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How to Dramatically Expand the Audience that Sees Your Consulting Firm’s Content

Being smart and producing high-value content aren’t sufficient to win new consulting clients. Unless you expose a broader universe of prospects to your content, your opportunities to win business will stay narrow.

On the up side, you have a right to be proud of your work. Your consulting firm’s thought leadership on chocolate soufflés is undeniable. Any restaurant chain that suffers from collapsing creations should be engaging you to consult with their CKO (Chief Kitchen Officer).

On the down side, that large universe of prospects isn’t knocking down your consulting firm’s door because… they’ve never heard of you. Dang! You need more eyeballs watching your videos and reading your articles. You need more earballs listening to your podcasts.

Since a small fraction of your target population appears on your contact list, the audience you can attract directly is small. How do you increase your exposure?

By borrowing audiences.

Borrowing an audience means presenting your content to those fine folks residing on someone else’s contact list.

4 Steps to Borrowing Audiences


Step 1: Start With the Obvious

Some audiences are meant to be borrowed. For instance, Restaurant Today magazine shares many authors’ content with their list of subscribers. Each author is borrowing the magazine’s audience. The same concept applies to trade associations and conferences.

Does your marketing plan already include at least five trade publications and/or conferences whose audience you’re borrowing? If not, start by locking in at least five of these pre-made, obvious audiences.

Step 2: Identify Non-Obvious Partners

Find five, potential partners whose audience you could borrow. Potential partners are folks who talk to people likely to be your prospects.

High-potential candidates are suppliers to your industry, like Rintin’s Tins. They’re also software providers, direct competitors, consulting firms with adjacent offerings, other professional service providers (e.g., attorneys), influencers, leaders of formal and informal networks, and anyone who sells Girl Scout cookies.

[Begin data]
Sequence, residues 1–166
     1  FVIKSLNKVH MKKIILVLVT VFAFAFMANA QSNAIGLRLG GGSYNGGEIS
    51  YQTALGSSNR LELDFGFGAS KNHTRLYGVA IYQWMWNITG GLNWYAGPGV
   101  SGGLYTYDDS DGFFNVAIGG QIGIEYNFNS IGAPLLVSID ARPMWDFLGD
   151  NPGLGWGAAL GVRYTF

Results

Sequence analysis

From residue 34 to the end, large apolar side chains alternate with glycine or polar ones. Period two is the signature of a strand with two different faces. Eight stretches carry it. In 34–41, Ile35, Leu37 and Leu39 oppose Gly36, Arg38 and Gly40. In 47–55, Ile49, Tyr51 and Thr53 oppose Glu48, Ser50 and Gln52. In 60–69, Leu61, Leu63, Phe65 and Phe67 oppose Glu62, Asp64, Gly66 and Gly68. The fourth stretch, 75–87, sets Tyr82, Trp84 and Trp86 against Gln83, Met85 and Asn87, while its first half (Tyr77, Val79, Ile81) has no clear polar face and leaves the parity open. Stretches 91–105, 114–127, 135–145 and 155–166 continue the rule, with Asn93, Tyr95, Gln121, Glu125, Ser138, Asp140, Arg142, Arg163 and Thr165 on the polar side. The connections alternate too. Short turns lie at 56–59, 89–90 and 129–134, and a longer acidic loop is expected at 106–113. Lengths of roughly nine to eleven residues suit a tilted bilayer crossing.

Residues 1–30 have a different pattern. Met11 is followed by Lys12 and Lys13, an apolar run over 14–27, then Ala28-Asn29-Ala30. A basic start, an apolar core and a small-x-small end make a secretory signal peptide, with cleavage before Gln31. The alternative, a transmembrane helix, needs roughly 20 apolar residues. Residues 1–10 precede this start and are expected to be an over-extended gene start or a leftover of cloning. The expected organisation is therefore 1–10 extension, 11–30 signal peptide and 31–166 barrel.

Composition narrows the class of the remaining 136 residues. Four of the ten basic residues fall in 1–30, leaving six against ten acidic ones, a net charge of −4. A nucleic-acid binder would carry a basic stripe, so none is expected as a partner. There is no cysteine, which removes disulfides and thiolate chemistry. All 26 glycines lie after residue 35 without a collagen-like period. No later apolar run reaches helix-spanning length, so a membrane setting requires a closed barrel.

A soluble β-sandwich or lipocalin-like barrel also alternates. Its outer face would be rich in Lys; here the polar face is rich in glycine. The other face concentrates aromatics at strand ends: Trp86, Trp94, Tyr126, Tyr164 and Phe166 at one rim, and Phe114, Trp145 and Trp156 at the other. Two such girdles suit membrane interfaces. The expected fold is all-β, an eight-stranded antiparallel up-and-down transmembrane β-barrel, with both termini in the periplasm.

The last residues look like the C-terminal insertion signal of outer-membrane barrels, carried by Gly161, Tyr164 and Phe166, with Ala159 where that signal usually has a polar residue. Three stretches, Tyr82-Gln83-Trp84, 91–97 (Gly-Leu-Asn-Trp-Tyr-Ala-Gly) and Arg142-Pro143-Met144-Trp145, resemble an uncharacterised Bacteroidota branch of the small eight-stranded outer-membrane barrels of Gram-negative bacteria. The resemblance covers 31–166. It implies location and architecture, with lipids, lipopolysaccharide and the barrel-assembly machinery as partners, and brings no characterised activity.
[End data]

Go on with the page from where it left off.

Step 3: Create Relationships

Audiences are valuable and the CEO of Rintin’s Tins isn’t going to parade you in front of his contacts unless he trusts you. Hence, it’s time to initiate and nurture relationships with your potential partners.

My suggestion: give them a call. Compliment them on the value they provide and inquire about their journeys. In other words, stay Right-Side Up.

Step 4: Help Them… and Along the Way, Help Yourself

Many consulting firms mistakenly think that their own offering is so intrinsically valuable that potential partners should obviously recommend them. Those consultants lead with, “Promoting me is a way to add value for your contact list.”

In essence, they’re saying, “Help me, and along the way you’ll benefit.”

As you know, that’s upside-down thinking. Flip that Right-Side Up by saying, “Let me help you, and along the way I’ll benefit.”

Discuss how you can add some sunshine to their lives. Perhaps you could loan them your audience, or introduce them to a valuable contact or resource.

Even better, can you build their services into your consulting offering ? Perhaps purchasing equipment from Rintin’s Tins should be your clients’ first step before you launch into your culinary consulting, or a recommendation at the end.

Best yet, what if you could help Rintin’s Tins leverage their own audience more? For instance, what if you penned an article (or gave a webinar, podcast, speech, etc.) on soufflé fundamentals and, as part of that presentation you reinforced the importance of using the finest baking equipment… like Rintin’s Tins!

Borrowing an audience doesn’t have to be a big event, though. Simply posting an insightful comment on your partner’s blog puts you in front of their readers.

Borrowing audiences dramatically expands your reach, and finding audiences to borrow should be a centerpiece in your marketing plan.

Have you ever borrowed an audience? I’d like to hear what’s worked for you.

  1. steven feinberg
    April 26, 2018 at 1:52 am Reply

    thinking of expanding to Lassie, Fury, or Sky King, Flipper and then Rin Tin Tin… could be other audiences…wasn’t that the Saturday morning tv line up… hope all is well…sf

    • David A. Fields
      April 26, 2018 at 8:41 am Reply

      Funny, Steven. In a way, all those characters borrowed audiences from each other (and, of course, the network’s viewership). By running the shows in adjacent time slots, the networks were able to keep kids who turned on the TV for one show sitting in front of it for the next one too.

      Rin Tin Tin and Flipper were “competitors” for Saturday morning attention; yet, they helped each other (business-wise) too. A good illustration of why borrowing audiences from a competitor–and lending your own to your competitors–can be effective. Come to think of it, wasn’t Flipper on in the evenings? Don’t answer that… let’s just go with the lesson!

      Thanks for the comment, Steven.

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